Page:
The Principle of Reasonableness in Global Administrative Law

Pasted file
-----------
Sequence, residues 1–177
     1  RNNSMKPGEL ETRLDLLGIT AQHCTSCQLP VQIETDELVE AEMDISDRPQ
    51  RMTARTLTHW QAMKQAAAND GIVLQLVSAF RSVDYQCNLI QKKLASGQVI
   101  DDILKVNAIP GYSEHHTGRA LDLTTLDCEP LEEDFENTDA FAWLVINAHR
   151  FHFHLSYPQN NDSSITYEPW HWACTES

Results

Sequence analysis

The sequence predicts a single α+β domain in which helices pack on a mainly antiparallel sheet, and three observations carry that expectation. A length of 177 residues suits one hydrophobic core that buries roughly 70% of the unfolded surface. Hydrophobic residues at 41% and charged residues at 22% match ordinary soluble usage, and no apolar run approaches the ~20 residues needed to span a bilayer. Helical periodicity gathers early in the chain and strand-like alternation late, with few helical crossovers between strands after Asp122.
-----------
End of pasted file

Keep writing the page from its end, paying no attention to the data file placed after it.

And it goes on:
In both national civil and common law systems the principle of reasonableness is known as a standard of judicial review for administrative acts. The present paper examines whether also at the European and international level a principle of reasonableness is used as a standard against which (quasi-) judicial bodies scrutinize administrative acts. It is argued that the common understanding exists that reasonableness serves as an important guiding principle in order to find agreement between the views of a multitude of actors, whether formally participating or not, in global arenas. Based on an analysis of cases before EU courts, the WTO Dispute Settlement Body, the ILO Administrative Tribunal and the UN Dispute Tribunal, it is submitted that although current European and international legal practice does not offer a single formula or test, the open-endedness of reasonableness makes it fit for use as a standard of judicial review at different layers of governance.